TRAILS OF PERSPECTIVE
The Power and Thrill of Adventure
That’s right. A giant black hole of empty sadness drove me to abandon my previous life “plan” of being a wannabe punk rocker city kid with one foot in the grave for a much more glamorous life of being a poor couch surfing traveling artist.
Initially, I was inspired by the stories I read as a kid. Stories about adventures to places where people are not. Untouched and unbridled wild spaces. No rules, no one to tell you what to do, or when to do it. As a kid, that was exactly where I wanted to be.
Somewhere in the process of growing up I lost that sense of wonder and excitement that I had experienced through those adventure stories from my childhood. Losing that feeling bothered me so much that one day I left to find it.
Within the first year, I had swam with sharks, hiked volcanoes, been extorted by Balinese police, and bicycled 1,000 km through the mountains of New Zealand. My passion for adventure grew with every trip– I wanted to find a way to share that experience in a unique way. This is where Updates from Space was born. This particular story drops in on an early trip that helped launch my career as a storyteller/visual artist and led me to even stranger experiences.
I left Minneapolis with $180 in my bank account—just enough to make it to Badlands National Park and back. Earlier that day I was “window shopping” for clear skies through my weather app and noticed a three-day period with clear skies over South Dakota. That was all I needed to jump in my car and hit the road.
I remember being caught off guard as I stepped out of my Mobile Office Unit, also known as a car. For the first time in eight hours, I wasn’t being bombarded with the sounds of the road. The silence was disorienting. I was surrounded by a martian landscape and the brightest stars I had seen in a long time.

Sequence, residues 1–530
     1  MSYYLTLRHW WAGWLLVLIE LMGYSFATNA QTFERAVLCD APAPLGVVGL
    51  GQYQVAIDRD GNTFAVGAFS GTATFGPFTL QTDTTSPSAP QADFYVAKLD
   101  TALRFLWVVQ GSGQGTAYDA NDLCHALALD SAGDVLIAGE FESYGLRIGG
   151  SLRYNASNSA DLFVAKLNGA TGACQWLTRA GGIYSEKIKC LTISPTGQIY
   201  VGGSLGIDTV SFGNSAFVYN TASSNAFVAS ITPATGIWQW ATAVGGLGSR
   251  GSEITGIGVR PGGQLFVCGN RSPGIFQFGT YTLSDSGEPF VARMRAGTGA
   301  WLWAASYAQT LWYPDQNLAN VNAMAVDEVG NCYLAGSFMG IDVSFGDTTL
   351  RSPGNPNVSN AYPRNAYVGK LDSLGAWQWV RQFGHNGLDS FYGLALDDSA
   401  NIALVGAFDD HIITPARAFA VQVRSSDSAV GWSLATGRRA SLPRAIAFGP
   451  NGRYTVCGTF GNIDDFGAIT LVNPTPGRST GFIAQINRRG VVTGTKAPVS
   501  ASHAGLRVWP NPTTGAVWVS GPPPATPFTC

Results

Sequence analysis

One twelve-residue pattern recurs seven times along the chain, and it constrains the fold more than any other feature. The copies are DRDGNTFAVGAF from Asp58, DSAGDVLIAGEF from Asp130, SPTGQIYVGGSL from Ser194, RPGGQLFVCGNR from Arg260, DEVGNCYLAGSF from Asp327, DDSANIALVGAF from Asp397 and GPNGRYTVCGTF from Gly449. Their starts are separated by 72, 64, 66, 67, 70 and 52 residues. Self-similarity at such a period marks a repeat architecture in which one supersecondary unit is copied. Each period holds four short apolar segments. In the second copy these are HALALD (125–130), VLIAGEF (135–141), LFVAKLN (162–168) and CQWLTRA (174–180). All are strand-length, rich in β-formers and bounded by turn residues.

It was nearly impossible to pick out the constellations. The Milky Way stretched across the sky, and the Dark Horse Nebula was fully visible to the naked eye. There are few places where I’ve seen stars as bright and colorful. I took a few pictures while I waited for the sun to rise and the park station to open. I ponied up the entrance fee and was on my way to the backcountry trailhead. On my drive in I saw a herd of bighorn while driving through the east entrance road, followed shortly after by a handful of coyotes running through the prairie plains—a sign of things to come.
I found camp about two miles in. Backcountry in the Badlands is especially difficult when it comes to multi-day trips. All water sources are so mineral-dense that filters can’t process it. I carried two and a half days’ drinking water along with my winter camping gear. The temperature was forecasted to hover around 20 degrees at night and there are no fires allowed in the park. That means more layers, thicker sleeping bag, and an extra closed-cell foam pad. It also means more calories to maintain body heat; more calories means more food, which generally means more water—not to mention my camera gear, which was with me every step of the way. All in, my pack at the time weighed close to 80 pounds.
I woke up around 11 p.m. to moonlight shining through my tent. Something—most likely a 12-foot-tall humanoid space monster waiting to ambush me and harvest my organs—is rustling through the tall grass. I tightened my grip on my ‘comfort knife’, just in case. Hearing something outside my tent is never not terrifying—especially when I’m alone, miles from the nearest road and even further from human contact. I waited, listening in total silence. An owl hooted nearby, and I jumped. Whatever had been outside my campsite scurried back through the desert prairie brush. I’m not sure how long I sat motionless in the dark—I’ve always felt like time moves more like a dream when I’m alone in the wild.